To relieve the pain and suffering of the terminally ill, the state government is planning to set up a palliative care institute to train medical staff in administering palliative care to terminally ill patients, and lay down policies and guidelines. It is also working on a palliative care policy.
The Maharashtra University of Health Sciences has been requested to include palliative care in MBBS and postgraduate programmes.
The state government has already launched its palliative care project at Jawhar in Thane and Igatpuri in Nashik with help from Tata Memorial Hospital. It will soon extend the same to six districts of Vidarbha — Amravati, Wardha, Gadchiroli, Chandrapur, Bhandara and Washim — in September. Training of the doctors, nurses and Accredited Social Health Activists is underway. The entire state, including urban areas, is expected to be covered in the XII five-year plan (till 2017).
Director of Health Services Dr Satish Pawar said, “There are patients who are bedridden after strokes, heart attacks, HIV, cancer or respiratory diseases… (problems) for which there is no easy cure. Our trained nurses will identify them, bring them to doctors, identify the treatment to be given, train their family members in avoiding bed sores and pain management. This will ensure that their last days are spent with dignity.”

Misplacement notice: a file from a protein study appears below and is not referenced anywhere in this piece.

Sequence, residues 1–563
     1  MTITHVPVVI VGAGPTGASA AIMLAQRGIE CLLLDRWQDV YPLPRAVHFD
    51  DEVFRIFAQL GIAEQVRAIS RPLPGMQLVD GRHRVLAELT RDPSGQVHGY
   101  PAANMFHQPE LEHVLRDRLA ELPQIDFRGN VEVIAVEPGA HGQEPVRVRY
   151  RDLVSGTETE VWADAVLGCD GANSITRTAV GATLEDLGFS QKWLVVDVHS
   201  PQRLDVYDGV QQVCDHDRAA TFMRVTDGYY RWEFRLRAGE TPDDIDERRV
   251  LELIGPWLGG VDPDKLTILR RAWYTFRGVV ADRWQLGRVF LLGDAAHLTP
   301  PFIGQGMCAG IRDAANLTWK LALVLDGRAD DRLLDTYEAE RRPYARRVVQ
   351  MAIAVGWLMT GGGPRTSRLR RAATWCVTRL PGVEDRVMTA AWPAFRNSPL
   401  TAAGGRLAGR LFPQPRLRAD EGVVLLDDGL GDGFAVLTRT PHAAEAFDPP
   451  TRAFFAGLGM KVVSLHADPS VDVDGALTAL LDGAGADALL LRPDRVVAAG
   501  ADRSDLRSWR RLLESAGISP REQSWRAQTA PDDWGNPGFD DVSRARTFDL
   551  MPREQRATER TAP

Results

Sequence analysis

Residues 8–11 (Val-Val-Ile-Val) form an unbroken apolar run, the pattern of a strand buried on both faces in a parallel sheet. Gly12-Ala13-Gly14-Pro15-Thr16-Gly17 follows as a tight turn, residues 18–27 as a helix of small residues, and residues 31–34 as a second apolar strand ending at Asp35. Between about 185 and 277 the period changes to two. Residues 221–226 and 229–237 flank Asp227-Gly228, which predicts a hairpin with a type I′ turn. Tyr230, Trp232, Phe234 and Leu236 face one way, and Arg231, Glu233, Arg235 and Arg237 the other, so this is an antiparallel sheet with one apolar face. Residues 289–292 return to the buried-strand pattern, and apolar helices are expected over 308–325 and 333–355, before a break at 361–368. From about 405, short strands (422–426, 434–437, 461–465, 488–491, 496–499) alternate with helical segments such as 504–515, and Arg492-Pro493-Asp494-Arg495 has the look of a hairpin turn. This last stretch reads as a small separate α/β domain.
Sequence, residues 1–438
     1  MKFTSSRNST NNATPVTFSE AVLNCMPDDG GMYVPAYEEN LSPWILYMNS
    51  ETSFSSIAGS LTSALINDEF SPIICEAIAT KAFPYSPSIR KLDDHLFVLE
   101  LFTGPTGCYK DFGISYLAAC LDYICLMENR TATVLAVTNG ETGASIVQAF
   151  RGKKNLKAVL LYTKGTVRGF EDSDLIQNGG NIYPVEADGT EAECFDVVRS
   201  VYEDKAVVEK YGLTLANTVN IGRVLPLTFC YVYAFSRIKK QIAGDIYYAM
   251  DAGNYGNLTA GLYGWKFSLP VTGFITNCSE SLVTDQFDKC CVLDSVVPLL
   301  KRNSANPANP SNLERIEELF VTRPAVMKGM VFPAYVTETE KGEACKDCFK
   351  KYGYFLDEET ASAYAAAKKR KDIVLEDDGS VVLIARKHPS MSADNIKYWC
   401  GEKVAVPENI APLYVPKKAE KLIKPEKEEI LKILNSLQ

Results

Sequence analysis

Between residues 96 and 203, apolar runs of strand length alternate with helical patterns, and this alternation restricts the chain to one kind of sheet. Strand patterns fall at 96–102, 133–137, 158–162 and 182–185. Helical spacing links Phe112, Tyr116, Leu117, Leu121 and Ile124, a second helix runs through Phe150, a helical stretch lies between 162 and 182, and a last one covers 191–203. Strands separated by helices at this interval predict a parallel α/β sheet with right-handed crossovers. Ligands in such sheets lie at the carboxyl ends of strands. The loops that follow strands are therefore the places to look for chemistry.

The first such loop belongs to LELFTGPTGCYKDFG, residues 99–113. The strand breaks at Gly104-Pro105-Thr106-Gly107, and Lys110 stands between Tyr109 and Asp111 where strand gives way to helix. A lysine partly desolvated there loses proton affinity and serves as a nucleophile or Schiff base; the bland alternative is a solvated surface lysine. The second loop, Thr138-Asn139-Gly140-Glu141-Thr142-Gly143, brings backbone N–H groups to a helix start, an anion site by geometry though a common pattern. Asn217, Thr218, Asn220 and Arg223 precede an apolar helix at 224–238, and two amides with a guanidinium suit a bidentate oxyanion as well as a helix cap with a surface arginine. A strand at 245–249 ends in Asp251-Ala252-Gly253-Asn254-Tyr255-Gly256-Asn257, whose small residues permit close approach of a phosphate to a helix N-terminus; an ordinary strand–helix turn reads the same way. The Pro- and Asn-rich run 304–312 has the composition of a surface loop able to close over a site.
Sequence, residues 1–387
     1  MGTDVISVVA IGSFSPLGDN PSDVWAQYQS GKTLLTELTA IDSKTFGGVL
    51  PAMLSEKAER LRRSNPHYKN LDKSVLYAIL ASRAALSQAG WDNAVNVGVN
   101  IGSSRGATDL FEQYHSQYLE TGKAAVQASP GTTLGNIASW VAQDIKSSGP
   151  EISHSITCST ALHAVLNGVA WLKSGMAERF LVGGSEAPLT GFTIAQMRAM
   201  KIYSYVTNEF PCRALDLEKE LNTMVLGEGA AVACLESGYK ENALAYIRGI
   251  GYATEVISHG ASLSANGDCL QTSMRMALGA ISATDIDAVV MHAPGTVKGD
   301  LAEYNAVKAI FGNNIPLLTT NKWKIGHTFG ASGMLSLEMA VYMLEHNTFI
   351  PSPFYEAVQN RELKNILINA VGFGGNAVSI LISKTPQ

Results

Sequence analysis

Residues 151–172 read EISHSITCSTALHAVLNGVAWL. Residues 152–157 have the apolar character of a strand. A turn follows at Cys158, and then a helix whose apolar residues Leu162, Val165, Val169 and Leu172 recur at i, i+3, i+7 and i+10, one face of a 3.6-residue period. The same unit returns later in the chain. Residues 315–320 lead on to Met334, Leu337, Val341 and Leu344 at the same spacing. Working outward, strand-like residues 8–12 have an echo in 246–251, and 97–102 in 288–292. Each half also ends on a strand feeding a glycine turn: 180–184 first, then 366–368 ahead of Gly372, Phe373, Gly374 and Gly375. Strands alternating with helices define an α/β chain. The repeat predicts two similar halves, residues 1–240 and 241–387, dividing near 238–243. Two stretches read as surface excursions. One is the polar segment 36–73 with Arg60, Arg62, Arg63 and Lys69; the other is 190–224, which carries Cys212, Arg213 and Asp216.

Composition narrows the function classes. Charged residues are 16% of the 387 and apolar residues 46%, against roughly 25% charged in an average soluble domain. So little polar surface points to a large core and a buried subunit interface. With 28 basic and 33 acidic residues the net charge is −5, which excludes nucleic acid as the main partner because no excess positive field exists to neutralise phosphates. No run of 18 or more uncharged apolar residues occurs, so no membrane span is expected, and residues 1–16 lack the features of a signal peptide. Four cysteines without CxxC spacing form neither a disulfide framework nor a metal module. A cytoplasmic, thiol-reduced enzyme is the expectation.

Bedridden patients will have medical staff visiting them at regular intervals -- depending on the severity of the ailment -- to administer aid.
Around 1% (or over 10 lakh) of Maharashtra’s population consists of people with incurable diseases. Of these, around 30% are affected by cancer, while others suffer from heart diseases, neurological problems and other illnesses.
The public health department is seeking a licence for doctors to administer morphine to patients to relieve their pain. The central government has been requested to relax the rules.